So here’s to a better fall, my friends. When life gives you gloom, make gloom-onade. (I fully expect to see that quote on Pinterest someday.)

best worst idea

Just went running in the rain — yes, on purpose — and it really is the best worst idea. Not crazy / lightning / downpour style rain, of course. Just a nice little summer-night sprinkling.

And, man, it feels good!

Skittish about damaging my iPhone, I didn’t bring along any music. I hardly ever run without headphones now, but once upon a time, it was all I knew. I even ran my first half-marathon that way (2 whole hours, guys! how? why??) and it was my fastest time so far, funnily enough.

Something about falling into the trance of the rhythm of my breath. Letting my mind wander where it wants to, without the helpful distraction of songs or podcasts. It’s meditation. (And can also be maddening, don’t get me wrong. Have you noticed how little time you spend alone with just your own thoughts? It’s a jungle in there!)

Within minutes I was transformed back to high school, in my earliest running days, looping the u-shaped pavement of our neighborhood, with nothing to listen to but my feet on the ground and the air in my lungs. (Didn’t have a Discman. Those things were bulky, awkward, and still skipped. We can all admit this now. It’s time.)

I started running back then to “stay in shape” (hahahahaha. Shut UP, perpetually size-4 high-school me. Shut your DAMN. MOUTH.) and I got the bug for real my junior year of college, which is also the first time I ran with an iPod. A bulky, first-gen brick-sized item by comparison now, and I had to carry it because I didn’t have an arm band or anything, but it was a revelation. (Didn’t hurt that it was my boyfriend’s iPod. Is there anything better than a little voyeuristic love-drunk music-snooping? The Garden State soundtrack was in heavy rotation that year, I can tell you that much.)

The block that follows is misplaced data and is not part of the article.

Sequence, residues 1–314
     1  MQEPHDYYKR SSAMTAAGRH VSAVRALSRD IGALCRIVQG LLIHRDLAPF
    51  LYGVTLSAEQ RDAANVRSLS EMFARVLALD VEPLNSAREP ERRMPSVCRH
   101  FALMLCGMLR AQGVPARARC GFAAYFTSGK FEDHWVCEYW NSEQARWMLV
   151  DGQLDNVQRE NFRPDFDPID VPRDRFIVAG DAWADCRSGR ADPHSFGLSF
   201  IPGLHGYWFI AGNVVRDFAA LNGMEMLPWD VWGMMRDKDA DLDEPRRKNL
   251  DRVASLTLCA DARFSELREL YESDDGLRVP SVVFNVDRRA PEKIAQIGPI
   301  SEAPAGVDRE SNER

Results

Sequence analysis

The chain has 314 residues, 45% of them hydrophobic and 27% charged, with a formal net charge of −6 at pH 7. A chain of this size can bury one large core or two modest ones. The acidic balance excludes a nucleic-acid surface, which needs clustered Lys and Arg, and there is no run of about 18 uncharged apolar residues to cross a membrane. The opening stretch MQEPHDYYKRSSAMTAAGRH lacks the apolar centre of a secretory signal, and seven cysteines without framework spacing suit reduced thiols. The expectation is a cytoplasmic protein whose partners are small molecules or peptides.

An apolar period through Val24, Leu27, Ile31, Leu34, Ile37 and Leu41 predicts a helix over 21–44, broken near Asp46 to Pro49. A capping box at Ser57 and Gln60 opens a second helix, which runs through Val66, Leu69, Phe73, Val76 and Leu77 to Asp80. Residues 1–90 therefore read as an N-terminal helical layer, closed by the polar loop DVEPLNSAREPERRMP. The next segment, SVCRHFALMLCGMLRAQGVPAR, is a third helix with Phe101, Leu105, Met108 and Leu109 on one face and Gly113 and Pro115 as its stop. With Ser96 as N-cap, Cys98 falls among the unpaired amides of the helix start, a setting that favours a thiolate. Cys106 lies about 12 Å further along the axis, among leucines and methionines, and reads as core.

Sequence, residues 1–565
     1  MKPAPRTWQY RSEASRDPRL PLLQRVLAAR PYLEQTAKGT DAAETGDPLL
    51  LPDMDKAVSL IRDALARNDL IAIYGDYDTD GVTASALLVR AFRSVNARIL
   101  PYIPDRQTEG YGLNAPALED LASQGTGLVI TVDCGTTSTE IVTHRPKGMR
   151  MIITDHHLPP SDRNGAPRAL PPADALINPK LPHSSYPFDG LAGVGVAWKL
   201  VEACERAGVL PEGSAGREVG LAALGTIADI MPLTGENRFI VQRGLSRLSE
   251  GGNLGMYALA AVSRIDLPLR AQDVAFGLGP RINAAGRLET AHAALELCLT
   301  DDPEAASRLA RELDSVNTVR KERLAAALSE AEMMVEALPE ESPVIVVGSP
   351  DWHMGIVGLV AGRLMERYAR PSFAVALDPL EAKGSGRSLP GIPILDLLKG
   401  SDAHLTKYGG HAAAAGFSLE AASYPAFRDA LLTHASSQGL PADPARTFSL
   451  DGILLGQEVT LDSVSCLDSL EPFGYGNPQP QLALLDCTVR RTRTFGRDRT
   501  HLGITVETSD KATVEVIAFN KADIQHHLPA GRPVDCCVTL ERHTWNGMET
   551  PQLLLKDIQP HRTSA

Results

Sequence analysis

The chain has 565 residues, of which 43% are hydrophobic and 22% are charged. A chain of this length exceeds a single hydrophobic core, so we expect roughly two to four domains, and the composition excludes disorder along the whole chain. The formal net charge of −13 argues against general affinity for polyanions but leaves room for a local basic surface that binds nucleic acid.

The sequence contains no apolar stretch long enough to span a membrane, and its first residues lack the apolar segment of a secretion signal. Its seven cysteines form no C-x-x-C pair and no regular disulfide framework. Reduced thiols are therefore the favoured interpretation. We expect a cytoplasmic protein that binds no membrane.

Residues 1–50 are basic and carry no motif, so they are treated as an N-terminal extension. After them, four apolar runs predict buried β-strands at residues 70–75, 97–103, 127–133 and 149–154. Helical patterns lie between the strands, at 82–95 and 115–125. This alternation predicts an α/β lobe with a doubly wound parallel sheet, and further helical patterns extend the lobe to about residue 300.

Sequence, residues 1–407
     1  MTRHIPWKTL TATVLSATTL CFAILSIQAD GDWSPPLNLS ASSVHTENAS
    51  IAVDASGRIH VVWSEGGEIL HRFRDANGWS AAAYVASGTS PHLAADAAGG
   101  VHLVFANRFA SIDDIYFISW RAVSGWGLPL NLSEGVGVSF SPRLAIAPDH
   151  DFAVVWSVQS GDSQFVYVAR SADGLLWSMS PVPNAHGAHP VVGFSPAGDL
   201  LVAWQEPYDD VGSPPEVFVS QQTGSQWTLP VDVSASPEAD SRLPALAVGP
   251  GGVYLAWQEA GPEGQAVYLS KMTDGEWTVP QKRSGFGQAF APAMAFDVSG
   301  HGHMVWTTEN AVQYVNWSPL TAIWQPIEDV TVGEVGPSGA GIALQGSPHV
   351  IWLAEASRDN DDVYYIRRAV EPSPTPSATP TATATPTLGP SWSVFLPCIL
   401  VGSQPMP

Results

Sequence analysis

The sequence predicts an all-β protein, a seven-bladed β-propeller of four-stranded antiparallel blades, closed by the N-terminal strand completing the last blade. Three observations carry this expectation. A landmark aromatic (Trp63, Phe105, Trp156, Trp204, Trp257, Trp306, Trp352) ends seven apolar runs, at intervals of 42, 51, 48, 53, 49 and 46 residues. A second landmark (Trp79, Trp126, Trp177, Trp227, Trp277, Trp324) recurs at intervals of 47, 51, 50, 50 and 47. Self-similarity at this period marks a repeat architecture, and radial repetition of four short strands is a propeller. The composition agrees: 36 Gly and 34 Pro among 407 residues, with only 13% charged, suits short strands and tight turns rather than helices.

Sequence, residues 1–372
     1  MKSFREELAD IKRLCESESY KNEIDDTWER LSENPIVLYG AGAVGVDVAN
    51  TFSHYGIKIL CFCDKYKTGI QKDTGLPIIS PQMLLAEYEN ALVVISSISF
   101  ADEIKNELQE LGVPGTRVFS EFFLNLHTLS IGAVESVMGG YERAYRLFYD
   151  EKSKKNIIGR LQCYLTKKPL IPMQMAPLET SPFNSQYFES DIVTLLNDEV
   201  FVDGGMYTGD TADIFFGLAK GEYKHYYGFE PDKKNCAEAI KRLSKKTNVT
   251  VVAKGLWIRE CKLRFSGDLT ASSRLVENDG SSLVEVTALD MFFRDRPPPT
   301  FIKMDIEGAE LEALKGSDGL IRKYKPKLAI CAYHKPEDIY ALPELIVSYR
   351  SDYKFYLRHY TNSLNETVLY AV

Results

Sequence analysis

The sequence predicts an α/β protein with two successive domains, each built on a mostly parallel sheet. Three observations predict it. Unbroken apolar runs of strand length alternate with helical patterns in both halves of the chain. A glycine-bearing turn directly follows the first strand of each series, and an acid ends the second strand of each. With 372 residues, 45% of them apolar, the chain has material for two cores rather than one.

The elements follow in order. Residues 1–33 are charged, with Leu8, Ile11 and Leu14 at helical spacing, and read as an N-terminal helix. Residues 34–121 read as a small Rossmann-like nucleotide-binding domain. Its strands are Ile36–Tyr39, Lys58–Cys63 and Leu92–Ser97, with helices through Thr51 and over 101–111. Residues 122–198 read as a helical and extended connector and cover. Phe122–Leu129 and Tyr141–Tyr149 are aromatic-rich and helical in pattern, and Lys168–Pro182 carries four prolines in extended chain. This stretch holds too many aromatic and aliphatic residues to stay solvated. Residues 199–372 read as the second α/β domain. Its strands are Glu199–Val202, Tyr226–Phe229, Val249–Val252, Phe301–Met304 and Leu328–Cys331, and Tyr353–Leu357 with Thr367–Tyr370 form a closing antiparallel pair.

photo (5)

There’s something so nice and freeing about a little rainy-day run. Leaving the house knowing I’m going to get rained on. Doing it anyway. When I first started running and writing about it, I was constantly finding little metaphors for life. I can’t help it! They’re right there! Tonight’s would be something along the lines of: Don’t always shy away from the potentially messy or uncomfortable things. Those things can also end up being the most peaceful and fulfilling, and almost always a better decision than staying inside.

And also puddles. Puddles are also fun.